Dairy’s Young Females Tick all Boxes

By Hari Yellina
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The current crop of young dairy cows in Australia is based on health factors like survival and fertility. These outstanding heifers, as the industry’s next bull mothers, exemplify the key lifespan, welfare, and milk quality attributes that Australian farmers require to run viable modern farms. The Balanced Performance Index (BPI) of some of these women is over 500. This list of Australia’s top 200 genomically tested dairy females, ranked by DataGene’s BPI, was revealed on Monday to coincide with the triannual official Australian Breeding Values (ABVs) bull ratings. According to Peter Thurn of DataGene stakeholder relations, Australia’s finest BPI females have a survival score of up to 116 and an average of 110. This suggests that the typical animal in this group has a 10-point advantage over an average Australian Holstein female.

“This focus on health—without compromising productivity—demonstrates how far Australia’s herd improvement has progressed,” Mr Thurn added. “Health qualities, which are crucial to profit, have never been more valuable than they are now.” However, since the BPI and Health Weighted Index (HWI) were introduced, increases in health and fertility traits have risen to the forefront of the market. The average Daughter Fertility ABV of the top 200 genomically tested Holstein cows in the United States is 113. “It’s excellent to see breeders taking on the task of enhancing Holstein fertility—it’s something the industry has been asking for,” Mr Thurn added. “And now we’re seeing the results,” says the researcher, “because the sons of these exceptional cows have a far higher probability of passing on better fertility to their daughters. This implies we’ll be able to keep breeding profitable and healthy cows in the future.”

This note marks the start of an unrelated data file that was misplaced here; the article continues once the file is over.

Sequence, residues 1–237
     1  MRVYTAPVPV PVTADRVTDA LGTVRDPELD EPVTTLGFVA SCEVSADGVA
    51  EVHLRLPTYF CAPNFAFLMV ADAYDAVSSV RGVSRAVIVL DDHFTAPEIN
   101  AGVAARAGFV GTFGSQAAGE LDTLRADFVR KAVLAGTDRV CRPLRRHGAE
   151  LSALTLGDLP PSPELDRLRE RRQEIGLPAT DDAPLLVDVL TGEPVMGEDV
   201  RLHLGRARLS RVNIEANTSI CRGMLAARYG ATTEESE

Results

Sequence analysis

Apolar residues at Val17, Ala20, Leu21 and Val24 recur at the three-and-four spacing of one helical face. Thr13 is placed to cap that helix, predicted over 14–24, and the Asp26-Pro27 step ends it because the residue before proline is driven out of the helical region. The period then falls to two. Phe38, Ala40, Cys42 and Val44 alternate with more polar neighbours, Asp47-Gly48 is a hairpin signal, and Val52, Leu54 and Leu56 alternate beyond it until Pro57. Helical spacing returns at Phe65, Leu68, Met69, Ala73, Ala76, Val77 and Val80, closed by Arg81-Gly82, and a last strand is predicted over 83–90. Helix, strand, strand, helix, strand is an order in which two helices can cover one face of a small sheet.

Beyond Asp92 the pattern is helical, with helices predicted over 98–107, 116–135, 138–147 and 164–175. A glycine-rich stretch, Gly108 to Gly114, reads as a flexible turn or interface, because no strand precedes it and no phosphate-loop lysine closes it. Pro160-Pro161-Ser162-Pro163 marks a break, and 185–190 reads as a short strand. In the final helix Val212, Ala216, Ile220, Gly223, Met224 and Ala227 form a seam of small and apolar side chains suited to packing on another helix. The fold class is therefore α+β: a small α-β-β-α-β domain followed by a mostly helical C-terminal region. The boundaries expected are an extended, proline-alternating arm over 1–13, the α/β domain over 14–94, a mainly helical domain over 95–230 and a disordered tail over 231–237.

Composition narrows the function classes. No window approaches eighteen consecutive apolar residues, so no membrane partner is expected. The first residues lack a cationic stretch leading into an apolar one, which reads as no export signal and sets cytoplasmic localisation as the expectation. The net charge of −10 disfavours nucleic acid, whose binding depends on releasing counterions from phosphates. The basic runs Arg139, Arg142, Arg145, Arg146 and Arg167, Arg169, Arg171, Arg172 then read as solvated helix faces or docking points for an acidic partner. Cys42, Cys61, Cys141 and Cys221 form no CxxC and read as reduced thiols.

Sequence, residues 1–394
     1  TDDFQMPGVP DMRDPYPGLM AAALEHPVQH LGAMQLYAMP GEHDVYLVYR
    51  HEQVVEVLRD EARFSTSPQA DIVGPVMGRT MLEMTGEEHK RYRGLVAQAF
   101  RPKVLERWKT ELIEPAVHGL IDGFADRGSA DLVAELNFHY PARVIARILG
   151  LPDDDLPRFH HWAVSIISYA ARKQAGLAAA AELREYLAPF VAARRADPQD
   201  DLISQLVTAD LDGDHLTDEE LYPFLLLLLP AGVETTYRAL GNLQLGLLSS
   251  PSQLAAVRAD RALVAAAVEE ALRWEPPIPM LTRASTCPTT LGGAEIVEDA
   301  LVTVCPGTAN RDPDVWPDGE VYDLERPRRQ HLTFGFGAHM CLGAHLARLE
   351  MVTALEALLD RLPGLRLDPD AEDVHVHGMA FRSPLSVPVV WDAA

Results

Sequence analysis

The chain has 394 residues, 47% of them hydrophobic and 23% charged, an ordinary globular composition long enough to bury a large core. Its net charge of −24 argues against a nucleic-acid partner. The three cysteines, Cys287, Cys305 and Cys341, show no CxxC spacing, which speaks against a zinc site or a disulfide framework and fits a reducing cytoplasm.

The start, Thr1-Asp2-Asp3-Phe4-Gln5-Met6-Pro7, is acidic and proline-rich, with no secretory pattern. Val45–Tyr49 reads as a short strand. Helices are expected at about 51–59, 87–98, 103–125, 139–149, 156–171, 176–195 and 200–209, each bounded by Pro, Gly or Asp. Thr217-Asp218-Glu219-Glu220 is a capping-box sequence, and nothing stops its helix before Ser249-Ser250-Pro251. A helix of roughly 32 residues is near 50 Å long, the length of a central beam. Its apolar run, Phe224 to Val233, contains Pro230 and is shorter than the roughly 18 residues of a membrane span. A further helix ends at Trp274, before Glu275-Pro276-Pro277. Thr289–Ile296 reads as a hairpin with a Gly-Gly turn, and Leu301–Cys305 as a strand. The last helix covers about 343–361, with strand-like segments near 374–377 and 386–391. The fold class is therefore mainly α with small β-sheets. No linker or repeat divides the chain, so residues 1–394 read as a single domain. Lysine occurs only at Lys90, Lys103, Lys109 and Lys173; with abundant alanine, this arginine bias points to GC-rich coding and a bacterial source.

Type, mammary, and survival were the notable qualities for Jerseys among the top 100 genomically analysed heifers, all of which are important for longevity. “At a time when there is a lot of focus on inbreeding, it’s encouraging to see that the top 100 genomic BPI Jersey heifers have 31 distinct sires represented in their pedigrees,” Mr Thurn said. Late last year, genomics became accessible in the Red Breeds, giving Red breeders and bull firms an extra layer of certainty when selecting the best bulls. “It’s early days,” Mr Thurn said, “but it’s encouraging to see our Red breeders engage with genomics.” They’re unearthing some pretty exceptional young females, so keep your eyes peeled.


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